A lot of parents choose cheap skates when they introduce children to roller sports – they will just grow out of them after all. Many kids are introduced to inline skating on a variety of slow-moving plastic inline skates and quads with vinyl boots that are available at retail chains, sporting goods or online stores that are cute skating gifts. These are fine, if your child is not in a learn-to-skate training program or does not spend any time skating with others who are wearing "real" skates. But you should move your child into inline skates or roller that provide support and good roll as soon as social skating with friends or skating lessons start. Even pre-schoolers will want to keep up with their friends or classmates.
And, if you’re planning on making inline skating or roller sports a family adventure, please be fair to the smaller kids in the group. They may have more energy than you, but since they are considerably smaller, skating is hard work in starter skates. Don’t purchase new or used inline skates for yourself that are much better than the equipment you get for the younger skaters. This will force the little ones to work twice as hard to get half the distance or speed on group outings.
In fact, you should check all family members' skates for similar features, especially if you plan on rolling together, so that everyone is using the same amount of effort to cover the trail distance, do the roller sports activity or skate as a family in a group class. An overworked and poorly-fitted small skater, sibling or spouse is never a happy skater. Many family skating outings have deteriorated from quality time to quitting time, when the little ones use inline skates that are merely toys that offer no support to little ankles or feet and with wheels that slip on indoor surfaces, ride rough on outdoor surfaces and don’t roll freely on any surface. Older skaters will eventually know what to complain about to resolve their skate technical problems, but your little skater will just assume that they can't skate or that they don't like doing these activities.
Look for these features when buying skates for kids who will skate regularly:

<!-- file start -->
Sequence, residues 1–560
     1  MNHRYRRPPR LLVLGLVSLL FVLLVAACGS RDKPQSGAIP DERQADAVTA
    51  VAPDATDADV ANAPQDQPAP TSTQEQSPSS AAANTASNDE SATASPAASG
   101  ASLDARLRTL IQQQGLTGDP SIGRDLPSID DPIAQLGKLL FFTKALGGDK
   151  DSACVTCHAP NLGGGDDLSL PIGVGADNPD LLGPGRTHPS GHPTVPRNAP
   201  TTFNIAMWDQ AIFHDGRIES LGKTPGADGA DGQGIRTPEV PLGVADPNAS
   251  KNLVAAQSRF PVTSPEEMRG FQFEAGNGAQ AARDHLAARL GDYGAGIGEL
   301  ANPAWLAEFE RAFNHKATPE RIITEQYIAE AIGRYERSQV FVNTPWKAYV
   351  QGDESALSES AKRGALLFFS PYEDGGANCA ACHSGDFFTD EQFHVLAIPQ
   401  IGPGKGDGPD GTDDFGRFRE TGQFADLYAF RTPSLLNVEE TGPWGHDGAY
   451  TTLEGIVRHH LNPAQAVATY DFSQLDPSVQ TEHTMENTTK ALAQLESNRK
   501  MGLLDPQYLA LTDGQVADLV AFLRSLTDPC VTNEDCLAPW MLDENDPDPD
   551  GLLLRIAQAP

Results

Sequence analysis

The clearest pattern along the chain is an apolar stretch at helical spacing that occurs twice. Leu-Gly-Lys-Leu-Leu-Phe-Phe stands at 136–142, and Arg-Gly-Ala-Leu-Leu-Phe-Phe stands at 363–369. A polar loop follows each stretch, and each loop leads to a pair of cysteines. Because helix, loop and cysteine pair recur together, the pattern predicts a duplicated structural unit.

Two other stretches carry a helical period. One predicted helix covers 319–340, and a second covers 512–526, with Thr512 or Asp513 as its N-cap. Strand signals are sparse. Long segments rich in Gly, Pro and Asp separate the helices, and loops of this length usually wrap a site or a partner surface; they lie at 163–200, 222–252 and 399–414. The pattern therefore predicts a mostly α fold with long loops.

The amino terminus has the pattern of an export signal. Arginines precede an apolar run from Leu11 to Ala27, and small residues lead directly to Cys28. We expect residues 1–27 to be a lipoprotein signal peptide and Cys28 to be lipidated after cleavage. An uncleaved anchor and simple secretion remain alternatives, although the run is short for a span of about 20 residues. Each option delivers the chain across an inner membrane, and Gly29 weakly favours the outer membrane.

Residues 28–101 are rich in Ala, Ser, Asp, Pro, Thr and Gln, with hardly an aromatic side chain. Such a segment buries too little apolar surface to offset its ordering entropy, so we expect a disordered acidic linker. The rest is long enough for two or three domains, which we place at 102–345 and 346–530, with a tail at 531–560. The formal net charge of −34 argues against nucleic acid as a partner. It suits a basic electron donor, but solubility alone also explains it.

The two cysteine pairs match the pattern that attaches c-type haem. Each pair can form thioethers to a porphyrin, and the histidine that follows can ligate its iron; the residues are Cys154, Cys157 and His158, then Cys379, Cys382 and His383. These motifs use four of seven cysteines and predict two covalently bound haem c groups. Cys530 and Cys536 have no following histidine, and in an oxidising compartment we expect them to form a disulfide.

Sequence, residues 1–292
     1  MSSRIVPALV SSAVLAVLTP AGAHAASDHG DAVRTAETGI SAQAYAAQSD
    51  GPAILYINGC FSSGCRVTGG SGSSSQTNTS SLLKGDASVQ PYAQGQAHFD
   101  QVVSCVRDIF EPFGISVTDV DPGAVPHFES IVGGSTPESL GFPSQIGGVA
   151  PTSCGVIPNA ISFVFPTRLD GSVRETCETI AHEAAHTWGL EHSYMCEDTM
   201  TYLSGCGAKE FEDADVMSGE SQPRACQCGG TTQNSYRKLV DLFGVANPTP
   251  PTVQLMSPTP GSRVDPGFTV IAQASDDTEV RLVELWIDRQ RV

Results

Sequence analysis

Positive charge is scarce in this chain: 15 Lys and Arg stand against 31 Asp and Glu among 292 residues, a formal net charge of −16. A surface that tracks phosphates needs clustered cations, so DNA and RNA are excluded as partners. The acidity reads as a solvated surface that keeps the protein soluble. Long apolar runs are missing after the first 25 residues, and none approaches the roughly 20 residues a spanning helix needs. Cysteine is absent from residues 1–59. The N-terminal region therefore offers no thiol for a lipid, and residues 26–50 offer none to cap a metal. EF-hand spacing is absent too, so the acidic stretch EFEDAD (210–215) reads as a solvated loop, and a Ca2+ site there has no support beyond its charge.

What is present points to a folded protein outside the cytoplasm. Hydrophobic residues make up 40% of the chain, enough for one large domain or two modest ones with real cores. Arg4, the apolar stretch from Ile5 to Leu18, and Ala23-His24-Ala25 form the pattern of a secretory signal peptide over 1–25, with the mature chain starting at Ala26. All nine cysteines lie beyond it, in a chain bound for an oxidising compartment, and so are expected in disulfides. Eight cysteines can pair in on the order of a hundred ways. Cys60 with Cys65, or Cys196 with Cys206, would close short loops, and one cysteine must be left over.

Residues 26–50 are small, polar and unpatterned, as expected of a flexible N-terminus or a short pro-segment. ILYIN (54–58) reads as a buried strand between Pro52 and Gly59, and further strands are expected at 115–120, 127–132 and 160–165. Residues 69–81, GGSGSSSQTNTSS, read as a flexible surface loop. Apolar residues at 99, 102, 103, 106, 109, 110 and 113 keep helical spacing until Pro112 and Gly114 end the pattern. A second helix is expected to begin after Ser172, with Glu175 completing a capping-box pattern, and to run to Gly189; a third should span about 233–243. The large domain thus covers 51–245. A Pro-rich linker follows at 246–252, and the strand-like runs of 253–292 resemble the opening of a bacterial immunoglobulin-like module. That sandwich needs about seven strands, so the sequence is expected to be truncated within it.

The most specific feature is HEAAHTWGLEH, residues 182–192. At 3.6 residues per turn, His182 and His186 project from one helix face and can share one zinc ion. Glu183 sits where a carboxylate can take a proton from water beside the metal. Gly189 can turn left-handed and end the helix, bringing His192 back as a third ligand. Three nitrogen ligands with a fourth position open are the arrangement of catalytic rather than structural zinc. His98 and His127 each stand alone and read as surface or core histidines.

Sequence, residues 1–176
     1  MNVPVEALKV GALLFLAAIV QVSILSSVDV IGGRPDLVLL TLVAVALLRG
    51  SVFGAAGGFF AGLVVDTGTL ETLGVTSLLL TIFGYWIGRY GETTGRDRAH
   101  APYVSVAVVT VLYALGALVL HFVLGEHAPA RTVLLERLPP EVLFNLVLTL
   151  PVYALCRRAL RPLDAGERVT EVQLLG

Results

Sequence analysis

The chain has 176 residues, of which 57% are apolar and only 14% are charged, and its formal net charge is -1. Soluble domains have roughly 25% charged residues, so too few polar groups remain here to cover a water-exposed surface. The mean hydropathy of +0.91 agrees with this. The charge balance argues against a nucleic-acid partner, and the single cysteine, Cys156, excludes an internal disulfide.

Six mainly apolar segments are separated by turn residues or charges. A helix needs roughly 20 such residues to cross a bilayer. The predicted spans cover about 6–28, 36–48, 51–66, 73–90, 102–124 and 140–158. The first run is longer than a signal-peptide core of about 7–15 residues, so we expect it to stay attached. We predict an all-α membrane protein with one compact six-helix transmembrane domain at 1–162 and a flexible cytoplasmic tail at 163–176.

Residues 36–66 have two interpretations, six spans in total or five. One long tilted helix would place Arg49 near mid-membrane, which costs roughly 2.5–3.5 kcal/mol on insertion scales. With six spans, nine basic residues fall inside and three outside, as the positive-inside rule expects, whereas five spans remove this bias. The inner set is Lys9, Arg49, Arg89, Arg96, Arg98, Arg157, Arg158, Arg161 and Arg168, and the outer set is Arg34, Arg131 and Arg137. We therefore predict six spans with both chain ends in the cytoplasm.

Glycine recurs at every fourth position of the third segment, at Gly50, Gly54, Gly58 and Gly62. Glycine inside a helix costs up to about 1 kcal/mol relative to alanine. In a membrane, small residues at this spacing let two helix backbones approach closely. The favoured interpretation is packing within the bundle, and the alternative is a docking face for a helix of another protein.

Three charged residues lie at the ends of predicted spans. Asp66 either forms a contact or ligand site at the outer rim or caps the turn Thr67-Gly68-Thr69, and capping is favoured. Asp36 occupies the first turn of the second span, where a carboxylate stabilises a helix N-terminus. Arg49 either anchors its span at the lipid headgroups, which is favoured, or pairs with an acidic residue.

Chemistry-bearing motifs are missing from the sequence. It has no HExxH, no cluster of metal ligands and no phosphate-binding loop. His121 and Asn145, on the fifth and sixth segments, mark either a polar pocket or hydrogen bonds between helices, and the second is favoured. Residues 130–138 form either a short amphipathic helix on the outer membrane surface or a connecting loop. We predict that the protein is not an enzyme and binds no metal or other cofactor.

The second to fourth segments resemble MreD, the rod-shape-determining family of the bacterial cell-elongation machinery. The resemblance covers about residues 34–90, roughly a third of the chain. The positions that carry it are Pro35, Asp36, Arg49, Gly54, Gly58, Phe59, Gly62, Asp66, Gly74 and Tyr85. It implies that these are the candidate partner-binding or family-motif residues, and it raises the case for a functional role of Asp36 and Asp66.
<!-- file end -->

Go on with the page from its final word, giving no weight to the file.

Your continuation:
- Use the same care in checking for worn, broken or missing parts that you would use if buying for yourself.
- Children's wheels should spin freely, just like adult inline skates. If there is a need to slow the rotation of inline wheels for a very young skater, temporarily tighten the wheel a bit to restrict movement.
- Remember that a kid'small feet deserve a comfortable skate lining and need a good fit, too.
- Consider purchasing adjustable inline skates which will allow a child to grow through a few sizes while still providing reasonable support and features for skating activities.
- If you are ordering children's skates that are not adjustable, buy one size larger than their current comfortable shoe size to allow for future growth. Add an extra insole layer to improve the fit until the foot grows into the extra size.
- Remember to get new protective gear (helmet, wrist guards, knee pads).
Inline skating and roller sports offer many good activities across a variety of disciplines for children who have or want to build balance skills, but be sure to match skates and gear to your child's skating needs. Every kid deserves to skate in suitable equipment - especially if he or she will participate in group skating activities and may need to try to keep up with other skaters. Just remember that buying inline skates for younger, growing children is just as important as purchasing equipment for teens or adult skaters.